The legendary Viper marque returned to the Rolex 24 at Daytona this year for the first time in more than a dozen years, and the new SRT Motorsports Riley-built SRT Viper GTS-R (pictured right, passing a PC class car during the night) brought home a solid third place finish in the GT Le Mans class.
It was a good spot for Viper to actually be disappointed with third place, as the polesitting No. 91 car driven by Dominik Farnbacher, Marc Goossens and Ryan Hunter-Reay was a class-winning contender before various issues including a power steering line failure cost it 10 laps.
When the Viper finished the Rolex 24, it featured glorious battle scars from racing. The dirt, grime and unkempt look of a car after 24 hours of pure, hard racing is something to treasure. And it looked like this, as I walked through the garage at the end of the race.
But to some people, art and the fact this is an actual race car, means nothing. What has happened this week at the Chicago Auto Show is nothing short of a disgrace, and makes you sick to see.
Here’s what has happened to the car at various points this week, via sports car and former Formula Atlantic driver Ryan Lewis, who was at the auto show.
This really bothers me. Dick heads disrespecting others efforts. Going to post up here rest of the week. pic.twitter.com/6gBM7v6di3
MotorSportsTalk continues its review of the Verizon IndyCar Series field, driver-by-driver, with a look at Ryan Briscoe. Despite not having a ride to start the year, Briscoe ended strongly courtesy of a series of strong runs at Schmidt Peterson Motorsports.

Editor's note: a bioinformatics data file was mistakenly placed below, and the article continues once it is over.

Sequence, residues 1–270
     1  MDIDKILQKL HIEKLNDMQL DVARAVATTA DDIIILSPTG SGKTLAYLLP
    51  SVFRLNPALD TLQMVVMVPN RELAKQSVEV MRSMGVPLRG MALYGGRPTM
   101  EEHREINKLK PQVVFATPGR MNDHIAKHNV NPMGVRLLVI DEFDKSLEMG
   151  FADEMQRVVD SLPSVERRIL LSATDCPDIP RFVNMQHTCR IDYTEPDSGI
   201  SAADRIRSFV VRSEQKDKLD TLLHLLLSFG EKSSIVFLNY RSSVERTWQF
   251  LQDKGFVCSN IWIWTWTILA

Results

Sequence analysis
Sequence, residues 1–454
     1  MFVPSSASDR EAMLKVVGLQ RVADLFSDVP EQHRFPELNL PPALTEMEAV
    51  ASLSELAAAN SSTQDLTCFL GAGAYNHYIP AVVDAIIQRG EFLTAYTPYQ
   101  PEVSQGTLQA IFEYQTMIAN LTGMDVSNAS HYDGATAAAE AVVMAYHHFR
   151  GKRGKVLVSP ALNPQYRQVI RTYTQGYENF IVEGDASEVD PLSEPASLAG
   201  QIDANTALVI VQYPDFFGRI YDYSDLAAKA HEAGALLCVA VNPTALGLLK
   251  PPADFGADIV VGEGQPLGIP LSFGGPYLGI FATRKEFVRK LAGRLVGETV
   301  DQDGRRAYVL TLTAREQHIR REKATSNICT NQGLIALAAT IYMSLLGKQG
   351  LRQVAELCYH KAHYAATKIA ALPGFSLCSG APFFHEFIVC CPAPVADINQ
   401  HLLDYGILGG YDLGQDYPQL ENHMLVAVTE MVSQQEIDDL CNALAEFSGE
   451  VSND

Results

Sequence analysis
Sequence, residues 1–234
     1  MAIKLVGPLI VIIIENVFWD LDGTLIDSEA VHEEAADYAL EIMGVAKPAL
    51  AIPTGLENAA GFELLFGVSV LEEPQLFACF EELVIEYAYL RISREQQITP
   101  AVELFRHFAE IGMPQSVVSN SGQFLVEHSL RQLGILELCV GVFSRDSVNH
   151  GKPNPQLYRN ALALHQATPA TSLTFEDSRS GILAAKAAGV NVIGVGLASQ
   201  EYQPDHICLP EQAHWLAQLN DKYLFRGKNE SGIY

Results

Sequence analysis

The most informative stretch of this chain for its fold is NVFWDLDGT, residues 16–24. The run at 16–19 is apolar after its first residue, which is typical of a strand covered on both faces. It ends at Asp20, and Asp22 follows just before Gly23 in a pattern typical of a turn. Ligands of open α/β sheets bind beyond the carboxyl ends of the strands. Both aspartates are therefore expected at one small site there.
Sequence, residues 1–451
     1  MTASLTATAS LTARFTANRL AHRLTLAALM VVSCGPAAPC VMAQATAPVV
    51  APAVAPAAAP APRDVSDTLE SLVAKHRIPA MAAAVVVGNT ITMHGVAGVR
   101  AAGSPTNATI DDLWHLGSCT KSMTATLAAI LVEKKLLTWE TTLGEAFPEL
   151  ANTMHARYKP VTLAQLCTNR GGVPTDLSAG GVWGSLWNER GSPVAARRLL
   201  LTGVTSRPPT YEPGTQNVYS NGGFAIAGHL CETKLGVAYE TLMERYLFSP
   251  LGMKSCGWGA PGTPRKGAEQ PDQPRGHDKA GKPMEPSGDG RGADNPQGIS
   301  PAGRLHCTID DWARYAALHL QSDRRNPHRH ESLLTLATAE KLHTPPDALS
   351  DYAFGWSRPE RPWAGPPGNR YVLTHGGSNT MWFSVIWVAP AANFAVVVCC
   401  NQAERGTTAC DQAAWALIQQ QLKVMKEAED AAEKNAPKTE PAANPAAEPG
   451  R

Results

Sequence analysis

Ryan Briscoe, No. 5 Schmidt Peterson Motorsports Honda
2014: 11th Place, Best Finish 4th, Best Start 4th, 1 Top-5, 11 Top-10, 5 Laps Led, 12.8 Avg. Start, 10.6 Avg. Finish
2015: 18th Place (8 starts), Best Finish 5th, Best Start 2nd, 1 Top-5, 4 Top-10, 10 Laps Led, 17.8 Avg. Start, 12.0 Avg. Finish
For those who slag on Briscoe as being undeserving of top level equipment, his 2015 second half provided a friendly reminder of his overall ability level in what might be less than the best machinery.
Briscoe was thrust into the No. 5 car under trying circumstances to begin with, getting all of an hour’s worth practice replacing the injured James Hinchcliffe ahead of the Indianapolis 500. But subsequent drives on the ovals there, Texas, Fontana, Milwaukee and Iowa – even if the results were less than ideal – showcased a driver determined to show to the paddock he still had it, and then some. His defense against Juan Pablo Montoya in Sonoma was nothing short of brilliant, and courtesy of double points he actually finished ahead of full-season driver Stefano Coletti.
The Australian immediately gelled with the SPM team, engineer Allen McDonald and race strategist Robert Gue. He continues to prove he’s an asset, as he has enjoyed multiple opportunities to extend his career in various arenas of motorsport in both open-wheel and sports cars, the latter of which he won at both the Rolex 24 at Daytona and the Mobil 1 Twelve Hours of Sebring with Corvette Racing this year.